Thanksgiving at “The Farm” has been a staple of my family’s holiday season for over five decades. What was perhaps originally intended to be a one-off gathering of family all the way back in 1963 miraculously perpetuated into a tradition that has endured through the passing of loved ones, familial hardships, and certainly a few burnt turkeys. Year after year, no matter the circumstance, we come together to break bread at the quaint farmhouse of our beloved aunt “Ree” and late uncle “J.D.” in rural southeast Kansas.
The earth has made 53 trips around the Sun since our first Thanksgiving together, but there’s no mystery as to what draws us back time and time again. You see, the Farm represents the ultimate idea of comfort; an earthly Eden where if even for just a few days out of the year troubles are mended by laughter, stress is drowned out to the tune of antique stories, and anxiety plays second fiddle to an abundance of delicious Thanksgiving treats. It is a comfort that can only be felt there, with those people, on that quaint time-rusted farm.
A state of emergency
This year that very comfort was threatened by something we take for granted far too often: access to clean water. Two days before Thanksgiving, a massive chemical explosion at an aerosol factory in nearby Neodesha, KS required the fire department to expend the clean water reserve and draw on the local river in its efforts to extinguish the flame. Run-off from fighting the fire seeped into the local basins and streams, infecting the county’s water supply.
The government issued a ‘State of Emergency’ decree and promptly shut off all water lines at risk of exposure. When I heard the news I began to contemplate Thanksgiving without immediate access to water. How would we cook? How much are we going to spend on bottled water? Where will I shower? All of these conveniences we typically overlook in our daily lives in America were suddenly (and almost poetically) deprived from us on a day dedicated to giving thanks for our blessings and privileges. After a couple days of subsisting off of bottled water, local community volunteers came together to provide clean water via emergency fill-up stations around the area. I had the pleasure of filling our empty gallon jugs at a station run by a man who drew thousands of gallons of clean, treated water out of his personal well for those without access. It was an amazing response to a serious problem by incredible people who made this year’s Thanksgiving at the farm possible.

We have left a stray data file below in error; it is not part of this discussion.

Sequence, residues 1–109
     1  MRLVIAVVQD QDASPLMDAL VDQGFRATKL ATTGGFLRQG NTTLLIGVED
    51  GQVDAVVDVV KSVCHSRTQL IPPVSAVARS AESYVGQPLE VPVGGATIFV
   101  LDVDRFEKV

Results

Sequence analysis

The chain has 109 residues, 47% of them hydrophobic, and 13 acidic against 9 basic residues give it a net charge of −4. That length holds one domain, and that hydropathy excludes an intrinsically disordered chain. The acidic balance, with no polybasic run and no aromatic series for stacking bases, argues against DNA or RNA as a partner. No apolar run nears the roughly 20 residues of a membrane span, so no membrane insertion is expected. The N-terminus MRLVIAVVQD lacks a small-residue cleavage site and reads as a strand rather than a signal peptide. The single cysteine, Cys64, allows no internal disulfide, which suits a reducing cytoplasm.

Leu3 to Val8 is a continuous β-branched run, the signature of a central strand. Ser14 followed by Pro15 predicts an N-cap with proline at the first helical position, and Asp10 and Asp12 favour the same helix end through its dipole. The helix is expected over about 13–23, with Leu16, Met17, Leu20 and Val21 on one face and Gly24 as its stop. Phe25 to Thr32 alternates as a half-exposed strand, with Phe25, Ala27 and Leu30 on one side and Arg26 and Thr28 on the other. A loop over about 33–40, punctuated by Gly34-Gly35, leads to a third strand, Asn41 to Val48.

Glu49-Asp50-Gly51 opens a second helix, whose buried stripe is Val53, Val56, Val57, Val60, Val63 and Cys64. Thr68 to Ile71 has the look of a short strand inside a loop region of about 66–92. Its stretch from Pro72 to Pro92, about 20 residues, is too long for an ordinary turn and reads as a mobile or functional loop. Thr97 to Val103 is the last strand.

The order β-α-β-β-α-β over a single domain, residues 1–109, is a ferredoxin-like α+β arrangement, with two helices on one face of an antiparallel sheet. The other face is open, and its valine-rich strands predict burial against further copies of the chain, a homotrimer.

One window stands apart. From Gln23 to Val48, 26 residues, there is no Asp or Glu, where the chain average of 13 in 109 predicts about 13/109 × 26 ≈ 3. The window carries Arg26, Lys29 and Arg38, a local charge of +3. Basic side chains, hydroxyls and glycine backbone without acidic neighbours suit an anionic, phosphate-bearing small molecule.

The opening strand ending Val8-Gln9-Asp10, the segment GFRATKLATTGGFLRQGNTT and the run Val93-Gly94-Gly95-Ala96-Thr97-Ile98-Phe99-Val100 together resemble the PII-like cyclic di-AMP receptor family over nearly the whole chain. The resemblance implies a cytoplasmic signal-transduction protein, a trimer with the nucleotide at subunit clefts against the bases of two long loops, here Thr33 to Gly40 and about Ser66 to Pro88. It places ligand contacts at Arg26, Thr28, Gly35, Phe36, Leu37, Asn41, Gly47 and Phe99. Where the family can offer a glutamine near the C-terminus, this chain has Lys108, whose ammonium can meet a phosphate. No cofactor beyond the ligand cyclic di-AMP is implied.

The kindness of those volunteers in my moment of need was testament to the responsibility we all share to help our less fortunate Brothers and Sisters. With our support, non-profits like Water at Work Ministry serve communities so desperately in need of access to clean water. While we were able to continue our turkey day tradition without much of a hitch, the issue of access to clean and affordable water continues to disrupt the lives of over 1.1 billion people across the globe each and every day. Thanksgiving is a time to reflect on all of the incredible blessings God has given us. We have so much to be thankful for that we sometimes overlook the ease with which we satisfy our basic human needs.
#GivingTuesday is a day of giving back
With “Giving Tuesday” rapidly approaching and the opportunity to have your gift matched (for the first $7,500), I’d ask that you reflect on this post and consider joining me in donating to Water@Work, whose mission is dedicated to sharing the blessing of clean water with those who desperately need it.
Water is life, and for that, we can all be thankful. God Bless
About the author
The guest blog article was submitted by Mitch Fenbert, who is currently a Senior majoring in Finance and Real Estate at the University of Georgia. Mitch attends the Classic City Church in Athens, Georgia and is an Officer in Sigma Nu Fraternity. In 2013, Mitch fundraised over $12,000 for Water at Work Ministry through a golf event he created. He plans to spend his final spring break in 2017 volunteering with Water at Work in the Dominican Republic.